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BMW

SEE ALSO: BMW Buyer's Guide

BMW 540iA SportWagon (2000)


by John Heilig

BMW Full Line Video footage (37:39)
SPECIFICATIONS


MODEL: BMW 540iA SportWagon
ENGINE:  4.4-liter DOHC V-8 
HORSEPOWER/TORQUE:  282 hp @ 5400 rpm/324 lb-ft @ 3600  rpm
TRANSMISSION:  Five-speed automatic
WHEELBASE: 107.3 in.
LENGTH x WIDTH x HEIGHT:  18902 x 70.9 x 56.7 in.
CURB WEIGHT: 4056 lbs.
FUEL CAPACITY: 18.5 gal.
LUGGAGE CAPACITY: 32.1/63.9 cu. ft. (rear seat up/down)
TIRES:  235/45R17
INSTRUMENTS:  Speedometer, tachometer, fuel gauge, water temperature, digital clock.
EQUIPMENT:  :  Power windows, power door locks, power mirrors, power seats,
heated seats, power sunroof, cruise control, air conditioner, AM-FM stereo 
radio with in-dash cassette player, anti-lock four-wheel disc brakes, dual front air bags,
side air bags,sport package, navigation system.
STICKER PRICE:  $59,950

If you're like I am, the first thing that comes to mind when I think "station wagon" is the bog Ford LTDs of the 1960s and 70s. I know we had one when our girls were growing up and it was practical and served as a passenger car, truck and camper. Oh sure, the fuel economy was horrible, but that was in an era of 30 cents per gallon gas.

In recent years, the Volvo station wagons have gone a long way toward dispelling that image. But what really destroyed it was this week's tester, the BMW 540iA sport wagon. This is a wagon with style and performance, but it still has the attributes of a wagon - good payload, seating for a family and enough room behind the rear seat to hold a ton of luggage or whatever. We didn't use the Bimmer as a family wagon, primarily because the girls are all grown and have moved away. But we did use it as a daily commuter and as a hauler. Yes, we put our grass and garden clippings in the cargo bay and used the Bimmer to haul them down to the compost center. We drew a few glances from people who were convinced we were either crazy or had too much money to know what we were doing. These were the same people who stared at us when we brought tree clippings to the same center in a Mercedes wagon.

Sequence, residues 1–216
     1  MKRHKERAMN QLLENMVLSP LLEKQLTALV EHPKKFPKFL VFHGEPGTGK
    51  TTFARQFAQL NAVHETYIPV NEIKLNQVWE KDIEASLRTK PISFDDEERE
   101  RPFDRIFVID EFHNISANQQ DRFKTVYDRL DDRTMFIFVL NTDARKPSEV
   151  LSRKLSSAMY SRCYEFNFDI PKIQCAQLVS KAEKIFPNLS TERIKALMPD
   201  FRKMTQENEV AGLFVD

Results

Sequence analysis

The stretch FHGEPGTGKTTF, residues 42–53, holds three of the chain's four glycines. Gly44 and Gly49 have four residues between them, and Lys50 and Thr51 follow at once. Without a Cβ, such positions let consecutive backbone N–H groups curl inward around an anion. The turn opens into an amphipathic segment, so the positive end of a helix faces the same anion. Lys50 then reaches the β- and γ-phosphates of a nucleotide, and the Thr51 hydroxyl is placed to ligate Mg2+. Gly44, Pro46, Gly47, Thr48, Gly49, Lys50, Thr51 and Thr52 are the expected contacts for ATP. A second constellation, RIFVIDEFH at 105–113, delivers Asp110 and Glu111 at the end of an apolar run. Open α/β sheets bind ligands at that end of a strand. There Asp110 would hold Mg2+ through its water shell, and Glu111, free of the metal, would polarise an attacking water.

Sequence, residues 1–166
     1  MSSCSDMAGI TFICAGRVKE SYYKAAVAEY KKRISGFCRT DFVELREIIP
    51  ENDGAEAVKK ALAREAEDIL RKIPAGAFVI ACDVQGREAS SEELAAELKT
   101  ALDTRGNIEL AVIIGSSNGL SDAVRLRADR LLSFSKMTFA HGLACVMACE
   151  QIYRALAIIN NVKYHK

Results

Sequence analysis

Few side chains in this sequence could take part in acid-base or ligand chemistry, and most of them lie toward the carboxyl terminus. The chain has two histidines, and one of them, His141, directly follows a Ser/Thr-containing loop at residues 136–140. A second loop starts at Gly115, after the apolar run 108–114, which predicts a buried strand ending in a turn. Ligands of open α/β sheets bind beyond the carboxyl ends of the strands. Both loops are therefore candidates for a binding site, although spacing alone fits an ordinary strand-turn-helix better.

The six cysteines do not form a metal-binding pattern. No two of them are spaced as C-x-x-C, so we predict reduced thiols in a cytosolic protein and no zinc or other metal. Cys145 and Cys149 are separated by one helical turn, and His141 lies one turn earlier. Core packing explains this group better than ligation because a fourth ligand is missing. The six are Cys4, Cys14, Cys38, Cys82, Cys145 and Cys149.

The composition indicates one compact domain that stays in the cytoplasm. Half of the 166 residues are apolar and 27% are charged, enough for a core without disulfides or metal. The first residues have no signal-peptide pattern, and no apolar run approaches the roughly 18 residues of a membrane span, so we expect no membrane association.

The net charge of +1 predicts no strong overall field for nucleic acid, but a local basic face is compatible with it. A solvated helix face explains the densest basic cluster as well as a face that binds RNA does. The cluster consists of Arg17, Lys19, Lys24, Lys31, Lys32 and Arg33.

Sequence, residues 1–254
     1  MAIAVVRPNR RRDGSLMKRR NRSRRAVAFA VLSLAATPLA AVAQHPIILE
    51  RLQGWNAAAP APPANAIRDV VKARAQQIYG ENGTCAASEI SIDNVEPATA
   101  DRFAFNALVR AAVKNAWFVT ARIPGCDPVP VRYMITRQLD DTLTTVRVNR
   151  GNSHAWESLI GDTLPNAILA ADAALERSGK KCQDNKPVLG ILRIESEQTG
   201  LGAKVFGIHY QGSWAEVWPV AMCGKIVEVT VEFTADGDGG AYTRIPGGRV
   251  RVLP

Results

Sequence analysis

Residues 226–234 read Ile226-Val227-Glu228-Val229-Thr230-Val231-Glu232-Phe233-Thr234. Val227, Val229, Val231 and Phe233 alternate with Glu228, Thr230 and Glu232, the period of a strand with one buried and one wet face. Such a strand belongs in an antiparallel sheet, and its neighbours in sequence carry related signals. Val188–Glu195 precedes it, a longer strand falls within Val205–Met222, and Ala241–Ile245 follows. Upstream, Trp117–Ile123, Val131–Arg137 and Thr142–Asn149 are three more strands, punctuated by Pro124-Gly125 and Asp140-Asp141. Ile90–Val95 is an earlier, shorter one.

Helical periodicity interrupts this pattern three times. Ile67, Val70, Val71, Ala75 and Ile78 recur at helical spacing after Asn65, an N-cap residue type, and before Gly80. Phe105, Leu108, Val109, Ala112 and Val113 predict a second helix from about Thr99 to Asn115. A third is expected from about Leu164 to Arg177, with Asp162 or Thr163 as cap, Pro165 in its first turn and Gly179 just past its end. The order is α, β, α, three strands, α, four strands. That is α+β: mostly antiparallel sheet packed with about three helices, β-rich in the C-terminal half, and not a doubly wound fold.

The commuting part of the test was the best. Not only did we average almost 20 mpg (19.5 to be exact), but we had typical BMW performance. The 540iA moved. If I punched the loud pedal and asked for performance it was right there. The 4.4-liter V-8 was rated at 282 horsepower and it put that power to the rear wheels through a five-speed automatic transmission.

What I enjoyed most about the engine was that it barely let you know it was working, even when we pushed the revs up to near the 6,000 rpm red line. Along with the performance was a civility that you don't normally expect from an engine that can do what this one can do.

Coupled with the five-speed automatic was a stick-shift option that allowed the driver to operate the transmission as a stick if he or she wanted. We looked for a couple of roads to check the tranny and even found my old commuting road that was a winding uphill climb. What fun. I don't know if I broke any speed records in climbing the hill, but it was fun and it felt as if I did.

Seating was leather-covered all around. In the front were two buckets that had excellent side support. When you have a car that can handle and performs like the 540iA, you want side support. My only complaint was that the "bucket" sides seemed narrow. Yes, I know I've put on a pound or two, but I think the side bolsters were pulled in.

I also felt there was less legroom than you'd find in a BMW 5-Series sedan. I checked with a 5-Series in the company parking lot and my guess was correct. Technically, the numbers are equal , but BMW appears to have shortened the front legroom by a couple of inches and the rear legroom by a similar amount in order to stick the wagon part on the back. As it turned out, this wasn't a major problem for me since my legs just fit, but for anyone much over six feet tall it would be a problem. Since the usual rear seat passengers in a wagon are children. There wasn't a problem with restricted legroom there.

At almost $60,000, the BMW 540iA isn't cheap. This definitely isn't a car for young families, unless those families have made a killing bon Internet stocks. But the price aside, the 540iA is a great kick to drive, whether on the highway or on a back road. You can play sports car with it or drive it like the family wagon it pretends to be.

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